The Etruscan Necropolises 
of Cerveteri and Tarquinia (2004)
Italy

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Two large Etruscan cemeteries, which reflect different types of burial practices from the 9th to the 1st century BC, and bear witness to the achievements of Etruscan culture. Some of the tombs are monumental, cut in rock and topped by impressive tumuli (burial mounds). Many feature carvings on their walls, others have wall paintings of outstanding quality.
  • Italy 2002.  Definitive stamp in a series depicting "Women in Art", this one a woman's head from the Etruscan Period.  

Italy 2002. Definitive stamp depicting "Women in Art". Etruscan Period.

The necropolis near Cerveteri, known as Banditaccia, contains thousands of tombs organized in a city-like plan, with streets, small squares and neighbourhoods. The site contains very different types of tombs: trenches cut in rock;  tumuli; and some, also carved in rock, in the shape of huts or houses with a wealth of structural details. These provide the only surviving evidence of Etruscan residential architecture. The necropolis of Tarquinia, also known as Monterozzi, contains 6,000 graves cut in the rock. It is famous for its 200 painted tombs, the earliest of which date from the 7th century BC. 

Italy 1984. Etruscan Art. Broze statue of a warrior. Italy 1984. Etruscan Art. Exhibition Logo. Italy 1984. Etruscan Art. Silver Mirror.

Etruscan Civilization is the culture of the ancient people of Etruria, an area roughly equivalent to modern Tuscany, Italy, which flourished between about 800 and 300 BC. At the height of its power, between the 7th and 5th centuries BC, Etruria probably covered a territory stretching from the Alps to the Tiber. The name "Etruria" is the Latin version of the Greek name "Tyrrhenia" or "Tyrsenia"; the ancient Romans called the people Etrusci or Tusci, from which is derived the name of the modern Italian region of Tuscany. But gradually during the last four hundred years their art has come to be appreciated and enjoyed, with the emergence of richly frescoed tombs, exquisite jewelry and sculpture, metalwork and painted vases at sites such as Cerveteri, Tarquinia and Vulci.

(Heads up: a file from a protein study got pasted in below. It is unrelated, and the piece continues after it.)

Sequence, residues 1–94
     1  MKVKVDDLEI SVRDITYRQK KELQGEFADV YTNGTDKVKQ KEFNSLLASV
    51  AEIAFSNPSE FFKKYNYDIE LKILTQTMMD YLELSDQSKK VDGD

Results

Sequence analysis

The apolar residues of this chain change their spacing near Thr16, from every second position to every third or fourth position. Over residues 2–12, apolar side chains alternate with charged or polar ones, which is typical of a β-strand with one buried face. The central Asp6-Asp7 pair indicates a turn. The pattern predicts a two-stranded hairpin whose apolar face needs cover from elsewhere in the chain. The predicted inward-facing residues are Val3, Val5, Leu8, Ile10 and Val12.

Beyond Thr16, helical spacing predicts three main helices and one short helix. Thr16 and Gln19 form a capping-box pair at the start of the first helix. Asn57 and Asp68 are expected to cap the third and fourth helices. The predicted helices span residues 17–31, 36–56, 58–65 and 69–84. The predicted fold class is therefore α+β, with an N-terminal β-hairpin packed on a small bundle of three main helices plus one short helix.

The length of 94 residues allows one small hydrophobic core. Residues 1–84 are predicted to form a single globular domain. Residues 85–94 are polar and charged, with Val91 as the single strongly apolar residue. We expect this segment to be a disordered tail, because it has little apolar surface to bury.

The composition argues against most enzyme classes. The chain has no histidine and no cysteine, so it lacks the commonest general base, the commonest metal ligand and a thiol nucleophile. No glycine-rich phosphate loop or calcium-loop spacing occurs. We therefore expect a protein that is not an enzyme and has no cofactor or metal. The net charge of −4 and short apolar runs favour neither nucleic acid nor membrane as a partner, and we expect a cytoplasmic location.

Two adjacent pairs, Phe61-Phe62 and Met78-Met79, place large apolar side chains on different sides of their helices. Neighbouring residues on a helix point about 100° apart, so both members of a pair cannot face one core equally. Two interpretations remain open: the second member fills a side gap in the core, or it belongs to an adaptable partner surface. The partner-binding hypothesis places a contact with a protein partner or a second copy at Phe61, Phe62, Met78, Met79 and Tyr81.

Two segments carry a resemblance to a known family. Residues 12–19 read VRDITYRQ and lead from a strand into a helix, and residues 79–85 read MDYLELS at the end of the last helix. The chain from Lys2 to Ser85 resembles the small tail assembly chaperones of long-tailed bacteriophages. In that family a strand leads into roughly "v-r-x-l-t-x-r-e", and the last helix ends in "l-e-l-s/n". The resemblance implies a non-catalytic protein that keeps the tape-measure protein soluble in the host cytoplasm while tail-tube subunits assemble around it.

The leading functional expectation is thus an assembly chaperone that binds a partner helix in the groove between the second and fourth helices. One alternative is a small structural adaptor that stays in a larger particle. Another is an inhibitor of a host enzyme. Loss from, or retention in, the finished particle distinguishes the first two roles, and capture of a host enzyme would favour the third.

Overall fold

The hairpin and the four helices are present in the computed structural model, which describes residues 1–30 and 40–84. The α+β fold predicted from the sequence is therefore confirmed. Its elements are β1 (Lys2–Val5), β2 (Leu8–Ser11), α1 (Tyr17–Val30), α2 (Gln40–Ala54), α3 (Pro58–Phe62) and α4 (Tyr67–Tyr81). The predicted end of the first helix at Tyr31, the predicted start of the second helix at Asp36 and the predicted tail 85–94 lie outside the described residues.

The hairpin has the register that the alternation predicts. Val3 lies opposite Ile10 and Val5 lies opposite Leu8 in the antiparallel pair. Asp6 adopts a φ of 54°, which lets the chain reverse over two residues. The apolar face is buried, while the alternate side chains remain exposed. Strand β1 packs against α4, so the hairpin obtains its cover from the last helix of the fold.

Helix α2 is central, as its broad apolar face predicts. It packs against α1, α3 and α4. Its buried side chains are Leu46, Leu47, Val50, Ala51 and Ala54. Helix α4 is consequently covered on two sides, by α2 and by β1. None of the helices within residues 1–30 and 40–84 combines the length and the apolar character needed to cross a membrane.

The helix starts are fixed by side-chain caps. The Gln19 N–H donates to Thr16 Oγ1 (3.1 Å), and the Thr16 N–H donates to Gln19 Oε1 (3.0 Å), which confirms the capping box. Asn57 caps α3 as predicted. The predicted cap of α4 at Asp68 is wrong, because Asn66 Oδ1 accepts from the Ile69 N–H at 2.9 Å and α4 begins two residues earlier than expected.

Sweden 1972. Etruscan Art.

Sweden 1972. Etruscan Art. First day cover.

Italy 1981. Tarquinia

The origins of the Etruscans are obscure and even in antiquity there was much speculation about their identity. The ancient Greek historian Herodotus maintained that the Etruscans came from Lydia, an ancient country in western Asia Minor. The later Roman historian Livy and Greek historian Polybius agreed with Herodotus, as did the Roman poets Publius Papinius Statius and Tiberius Catius Silius Italicus. Dionysius of Halicarnassus, however, held that the Etruscans were an indigenous people, a view taken by many modern scholars.  

Whichever their origin, the Etruscans are one of the enigmas of history.  A cultured, artistic, socially adept, economically prosperous and pleasure-loving people, they dominated Central Italy for 800 years until, eclipsed by the burgeoning power of Rome in the fourth and third centuries BC, their civilization was absorbed and their identity obliterated.  

Art and Architecture 
Etruscan art was related to that of the Greeks (in both Greece and southern Italy) and to that of Egypt and Asia Minor. It also exhibits local elements and reflects Etruscan religious beliefs. Etruscan art was a major influence on later Roman styles. Modern knowledge of it is based overwhelmingly on murals and frescoes that survive in tombs. 

The Vatican 1983. Fragment #1 of three souvenir sheets depicting Etruscan Art. The Vatican 1983. Fragment #2 of three souvenir sheets depicting Etruscan Art. The Vatican 1983. Fragment #3 of three souvenir sheets depicting Etruscan Art.

Architecture